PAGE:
Carving Letters with Wood Carving Tools - Part Two - Serifs and Apex

When carving serifs I like to use either a reasonably wide (around 15mm) No.3 Pfeil fishtail or, in this case, I’ll be using the Beavercraft G3/20. I find that it produces a nice curve to the shoulder.

When looking at the serif I start by mentally deciding where the deepest part of the serif is going to lie, if you think it will help then mark a dot on this point.

This is going to be deeper even than the bottom of the V on the straight. (1)
I like to always carve the rest of the letter before the serif but this is just personal preference. (2)

Start with a corner of the gouge on the dot representing the deepest point of the letter.

Keep the gouge at about  45° angle (3) as you cut down so it naturally creates a deeper point sloping up to a very shallow at the point of the serif.

Repeat this for the other side, again starting with the corner of the gouge on the dot and letting the curve of the gouge create the curve of the stab cut. (4)

Next, start from the outside point of the serif and carve towards the dot following the curve of the stab cut you’ve just made. (5) and repeat coming from the other side (6)

Try not to alter the angle too much as you’re carving down towards the bottom of the valley, also keep an eye on the other corner of the gouge to make sure it doesn’t dig into the side of the letter (8).


To blend the shoulder of the curve nicely into the straight, I often use a chisel just to take off any ridge that may have appeared (9)

The bottom triangle now needs to be removed. The distance between the deepest point and the base line determines the angle that you need to hold the chisel at.

Again, start with one corner of the chisel as the shallowest point of the serif and carve towards the deepest point whilst maintaining the same angle to ensure a clean cut (10).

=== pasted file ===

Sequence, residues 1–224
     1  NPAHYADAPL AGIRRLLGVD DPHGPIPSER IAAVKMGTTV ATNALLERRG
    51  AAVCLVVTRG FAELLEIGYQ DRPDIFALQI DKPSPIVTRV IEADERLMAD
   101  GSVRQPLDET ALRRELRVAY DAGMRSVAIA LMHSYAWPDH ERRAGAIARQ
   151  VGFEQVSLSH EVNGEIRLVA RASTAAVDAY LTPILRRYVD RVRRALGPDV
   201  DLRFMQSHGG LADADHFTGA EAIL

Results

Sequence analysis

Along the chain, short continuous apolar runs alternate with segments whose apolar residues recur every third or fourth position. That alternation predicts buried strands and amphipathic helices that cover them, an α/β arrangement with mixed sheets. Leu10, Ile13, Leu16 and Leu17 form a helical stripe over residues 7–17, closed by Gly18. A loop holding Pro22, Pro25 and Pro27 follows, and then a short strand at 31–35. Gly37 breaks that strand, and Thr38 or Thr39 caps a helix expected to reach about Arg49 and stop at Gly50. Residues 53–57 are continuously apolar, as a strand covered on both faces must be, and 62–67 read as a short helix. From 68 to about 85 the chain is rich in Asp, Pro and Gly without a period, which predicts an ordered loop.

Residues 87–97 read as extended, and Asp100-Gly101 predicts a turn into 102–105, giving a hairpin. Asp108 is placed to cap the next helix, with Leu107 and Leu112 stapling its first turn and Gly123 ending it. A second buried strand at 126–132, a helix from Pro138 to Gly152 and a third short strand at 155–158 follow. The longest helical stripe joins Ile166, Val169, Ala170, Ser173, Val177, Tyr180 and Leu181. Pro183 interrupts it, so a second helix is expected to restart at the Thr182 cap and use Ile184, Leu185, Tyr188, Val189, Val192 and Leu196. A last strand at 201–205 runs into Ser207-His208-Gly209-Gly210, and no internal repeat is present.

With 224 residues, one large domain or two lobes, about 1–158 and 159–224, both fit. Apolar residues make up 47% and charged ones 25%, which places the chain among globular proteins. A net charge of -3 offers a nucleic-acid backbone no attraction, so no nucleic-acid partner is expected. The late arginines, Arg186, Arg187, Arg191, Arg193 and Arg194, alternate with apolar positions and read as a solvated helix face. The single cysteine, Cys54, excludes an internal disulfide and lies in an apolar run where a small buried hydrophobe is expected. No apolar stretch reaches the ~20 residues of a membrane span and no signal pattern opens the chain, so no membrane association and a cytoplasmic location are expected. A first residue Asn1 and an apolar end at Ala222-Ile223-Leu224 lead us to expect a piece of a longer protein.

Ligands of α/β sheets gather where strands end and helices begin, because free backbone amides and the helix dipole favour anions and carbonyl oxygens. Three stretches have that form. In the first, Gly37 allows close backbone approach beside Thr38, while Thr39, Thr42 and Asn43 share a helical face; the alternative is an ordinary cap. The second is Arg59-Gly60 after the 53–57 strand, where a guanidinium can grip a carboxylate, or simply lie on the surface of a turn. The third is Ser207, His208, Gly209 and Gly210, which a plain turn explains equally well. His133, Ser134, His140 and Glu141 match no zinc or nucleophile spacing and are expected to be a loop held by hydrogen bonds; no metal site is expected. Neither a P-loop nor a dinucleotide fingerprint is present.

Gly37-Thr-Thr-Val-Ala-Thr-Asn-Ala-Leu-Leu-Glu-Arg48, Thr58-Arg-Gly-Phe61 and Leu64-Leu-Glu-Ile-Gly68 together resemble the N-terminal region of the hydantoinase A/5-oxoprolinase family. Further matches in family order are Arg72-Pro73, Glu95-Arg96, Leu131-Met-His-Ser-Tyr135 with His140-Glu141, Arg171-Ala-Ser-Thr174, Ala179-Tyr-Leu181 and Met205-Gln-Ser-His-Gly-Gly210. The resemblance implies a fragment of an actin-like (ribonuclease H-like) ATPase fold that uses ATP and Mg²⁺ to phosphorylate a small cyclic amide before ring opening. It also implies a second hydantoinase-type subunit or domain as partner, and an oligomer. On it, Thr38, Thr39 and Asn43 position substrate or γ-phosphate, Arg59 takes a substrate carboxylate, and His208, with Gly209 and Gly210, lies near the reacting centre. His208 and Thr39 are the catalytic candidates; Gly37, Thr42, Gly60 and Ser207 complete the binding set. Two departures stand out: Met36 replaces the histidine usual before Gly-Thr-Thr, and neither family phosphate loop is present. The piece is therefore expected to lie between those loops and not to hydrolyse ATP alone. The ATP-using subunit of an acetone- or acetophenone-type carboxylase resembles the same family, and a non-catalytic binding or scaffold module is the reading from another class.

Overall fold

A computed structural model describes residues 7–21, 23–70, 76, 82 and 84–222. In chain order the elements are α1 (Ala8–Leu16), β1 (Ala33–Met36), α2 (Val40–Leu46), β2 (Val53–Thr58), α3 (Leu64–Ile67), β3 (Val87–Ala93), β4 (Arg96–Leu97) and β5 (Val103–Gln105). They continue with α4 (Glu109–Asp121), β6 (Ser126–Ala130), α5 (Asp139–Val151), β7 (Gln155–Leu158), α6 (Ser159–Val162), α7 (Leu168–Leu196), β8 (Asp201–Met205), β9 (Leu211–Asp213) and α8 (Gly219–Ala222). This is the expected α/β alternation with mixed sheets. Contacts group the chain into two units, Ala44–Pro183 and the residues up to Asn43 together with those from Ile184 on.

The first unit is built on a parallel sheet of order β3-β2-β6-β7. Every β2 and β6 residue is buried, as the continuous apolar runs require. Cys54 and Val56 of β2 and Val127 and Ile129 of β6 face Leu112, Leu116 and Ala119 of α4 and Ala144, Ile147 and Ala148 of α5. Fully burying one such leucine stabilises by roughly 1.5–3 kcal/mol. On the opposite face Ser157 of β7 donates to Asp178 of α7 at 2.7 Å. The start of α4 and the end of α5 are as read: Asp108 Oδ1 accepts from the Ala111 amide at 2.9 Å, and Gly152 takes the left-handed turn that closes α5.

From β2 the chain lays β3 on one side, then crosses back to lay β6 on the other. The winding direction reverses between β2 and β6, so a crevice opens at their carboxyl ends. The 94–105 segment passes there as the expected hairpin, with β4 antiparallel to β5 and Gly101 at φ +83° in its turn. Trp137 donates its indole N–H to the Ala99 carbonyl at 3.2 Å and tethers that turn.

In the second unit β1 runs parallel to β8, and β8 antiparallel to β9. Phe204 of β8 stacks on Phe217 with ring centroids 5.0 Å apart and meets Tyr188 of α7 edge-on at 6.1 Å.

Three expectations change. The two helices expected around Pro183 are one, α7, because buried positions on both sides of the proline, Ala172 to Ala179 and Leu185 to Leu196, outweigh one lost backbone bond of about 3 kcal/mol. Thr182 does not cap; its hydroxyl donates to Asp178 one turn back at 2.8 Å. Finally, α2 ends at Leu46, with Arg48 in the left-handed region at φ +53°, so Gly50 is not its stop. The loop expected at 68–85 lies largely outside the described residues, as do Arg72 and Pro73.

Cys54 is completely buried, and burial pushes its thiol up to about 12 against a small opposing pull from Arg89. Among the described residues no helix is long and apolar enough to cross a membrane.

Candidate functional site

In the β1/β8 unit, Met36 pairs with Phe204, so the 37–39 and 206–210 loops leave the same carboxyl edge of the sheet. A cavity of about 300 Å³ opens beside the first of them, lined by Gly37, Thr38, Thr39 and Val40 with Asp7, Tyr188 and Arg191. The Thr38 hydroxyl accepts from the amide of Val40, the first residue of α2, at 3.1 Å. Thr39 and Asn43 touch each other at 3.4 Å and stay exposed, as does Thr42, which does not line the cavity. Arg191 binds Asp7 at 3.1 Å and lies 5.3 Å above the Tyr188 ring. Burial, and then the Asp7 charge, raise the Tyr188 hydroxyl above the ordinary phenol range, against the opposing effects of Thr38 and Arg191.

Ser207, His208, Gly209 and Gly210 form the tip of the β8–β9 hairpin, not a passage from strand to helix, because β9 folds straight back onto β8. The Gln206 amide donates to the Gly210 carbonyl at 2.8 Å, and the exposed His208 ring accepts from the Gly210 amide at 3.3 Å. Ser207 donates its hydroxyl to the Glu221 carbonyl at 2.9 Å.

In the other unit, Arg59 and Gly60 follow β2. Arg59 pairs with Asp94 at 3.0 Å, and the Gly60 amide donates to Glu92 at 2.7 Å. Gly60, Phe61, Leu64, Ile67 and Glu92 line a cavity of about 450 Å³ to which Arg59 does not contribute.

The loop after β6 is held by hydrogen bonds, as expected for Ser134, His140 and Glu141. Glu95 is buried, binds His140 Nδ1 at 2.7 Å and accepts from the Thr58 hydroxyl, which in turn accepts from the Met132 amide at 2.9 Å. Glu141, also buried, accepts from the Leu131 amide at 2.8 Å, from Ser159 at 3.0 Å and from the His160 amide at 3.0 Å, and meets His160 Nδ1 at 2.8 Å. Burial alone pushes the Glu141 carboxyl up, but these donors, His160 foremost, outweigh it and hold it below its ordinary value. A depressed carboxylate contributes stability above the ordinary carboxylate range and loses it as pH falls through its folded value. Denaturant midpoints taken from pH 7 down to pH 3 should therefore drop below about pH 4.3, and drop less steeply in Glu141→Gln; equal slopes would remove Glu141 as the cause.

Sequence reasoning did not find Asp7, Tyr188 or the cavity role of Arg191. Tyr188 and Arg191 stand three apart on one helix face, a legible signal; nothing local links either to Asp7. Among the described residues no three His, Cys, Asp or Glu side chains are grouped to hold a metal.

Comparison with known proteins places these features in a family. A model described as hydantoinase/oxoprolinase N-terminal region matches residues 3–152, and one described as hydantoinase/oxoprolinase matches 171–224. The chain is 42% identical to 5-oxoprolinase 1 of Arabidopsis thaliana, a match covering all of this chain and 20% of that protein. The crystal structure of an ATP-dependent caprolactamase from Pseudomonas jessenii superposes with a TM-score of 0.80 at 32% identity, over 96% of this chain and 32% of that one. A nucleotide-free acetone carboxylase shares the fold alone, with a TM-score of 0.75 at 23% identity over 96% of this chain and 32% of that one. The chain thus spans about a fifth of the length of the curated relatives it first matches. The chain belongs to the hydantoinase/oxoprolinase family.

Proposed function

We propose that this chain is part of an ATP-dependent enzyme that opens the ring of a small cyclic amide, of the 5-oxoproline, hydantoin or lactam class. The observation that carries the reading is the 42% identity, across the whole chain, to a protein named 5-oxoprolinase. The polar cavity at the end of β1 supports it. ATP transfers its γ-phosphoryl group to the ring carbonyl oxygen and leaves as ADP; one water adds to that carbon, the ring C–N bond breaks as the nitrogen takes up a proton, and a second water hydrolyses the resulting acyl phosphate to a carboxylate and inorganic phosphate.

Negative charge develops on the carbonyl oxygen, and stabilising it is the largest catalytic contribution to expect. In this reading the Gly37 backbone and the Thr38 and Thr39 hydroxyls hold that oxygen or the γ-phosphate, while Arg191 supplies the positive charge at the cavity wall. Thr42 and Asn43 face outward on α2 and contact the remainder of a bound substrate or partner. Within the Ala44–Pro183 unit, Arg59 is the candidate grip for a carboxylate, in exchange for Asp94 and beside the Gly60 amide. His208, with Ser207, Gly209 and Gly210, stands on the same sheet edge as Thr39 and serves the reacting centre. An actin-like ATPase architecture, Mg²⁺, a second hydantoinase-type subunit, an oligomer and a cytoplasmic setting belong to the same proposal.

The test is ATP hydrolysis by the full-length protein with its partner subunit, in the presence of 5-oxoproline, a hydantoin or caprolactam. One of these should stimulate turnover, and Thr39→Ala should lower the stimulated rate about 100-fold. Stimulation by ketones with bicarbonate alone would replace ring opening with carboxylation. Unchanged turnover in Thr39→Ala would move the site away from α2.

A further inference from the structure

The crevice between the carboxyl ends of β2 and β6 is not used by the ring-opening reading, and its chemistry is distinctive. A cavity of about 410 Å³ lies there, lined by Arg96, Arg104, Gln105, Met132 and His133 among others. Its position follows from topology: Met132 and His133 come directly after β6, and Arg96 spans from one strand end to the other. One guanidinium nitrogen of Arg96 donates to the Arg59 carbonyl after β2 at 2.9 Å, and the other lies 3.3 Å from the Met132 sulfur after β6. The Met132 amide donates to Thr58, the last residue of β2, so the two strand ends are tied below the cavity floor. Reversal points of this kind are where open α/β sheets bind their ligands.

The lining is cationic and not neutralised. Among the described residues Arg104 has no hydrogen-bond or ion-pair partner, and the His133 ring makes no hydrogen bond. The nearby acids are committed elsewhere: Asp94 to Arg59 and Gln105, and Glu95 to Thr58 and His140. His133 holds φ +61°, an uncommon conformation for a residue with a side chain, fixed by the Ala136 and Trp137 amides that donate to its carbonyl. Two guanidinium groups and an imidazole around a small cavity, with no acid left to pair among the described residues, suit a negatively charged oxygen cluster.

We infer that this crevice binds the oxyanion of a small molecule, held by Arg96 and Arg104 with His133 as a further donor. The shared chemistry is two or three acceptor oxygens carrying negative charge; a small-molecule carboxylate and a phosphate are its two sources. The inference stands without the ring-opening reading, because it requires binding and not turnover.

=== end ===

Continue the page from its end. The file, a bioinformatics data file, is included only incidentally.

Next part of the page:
This can be tricky as you need to keep an eye on both the point of the chisel heading towards the centre as well as ensuring the other side of the chisel is carving a straight base line and doesn’t scallop out where you need it to be flat.(11 &12)

It’s very easy to be focusing so much on the corner of the chisel that you don’t notice the other side scalloping out the base line.

Generally with traditional style fonts you will have one straight narrower which I demonstrate here.

The process is the same even if the straights are the same width. Begin with carving the straight as normal but leave the area around the apex untouched for now.

When you’re ready to tackle the apex begin by making an angled stab cut with the corner of your chisel going in at the deepest section and maintain a roughly 45° angle so that it’s very shallow at the top. (1)

Then go back to the left hand straight and bring your chisel so that meets the centre line on the other straight. (2)
Carve straight down and repeat on the other side, this then naturally created the inside line of the apex (3).

There are several ways to carve the outside angle of the apex but this is the way I find works best for me.

I carve along the straight until the corner of my chisel meets the deepest part of the apex (4),
I then pivot the chisel on this point rocking it to the top corner (5). I then repeat this on the other side.
Take a look at the accompanying video to demonstrate how I do this.

The finished apex…

Woodcarving Lettering with Sarah Goss - Serifs

Woodcarving Lettering with Sarah Goss - Apex

Sarah Goss Woodcarving in partnership with Cyclaire Knives and Tools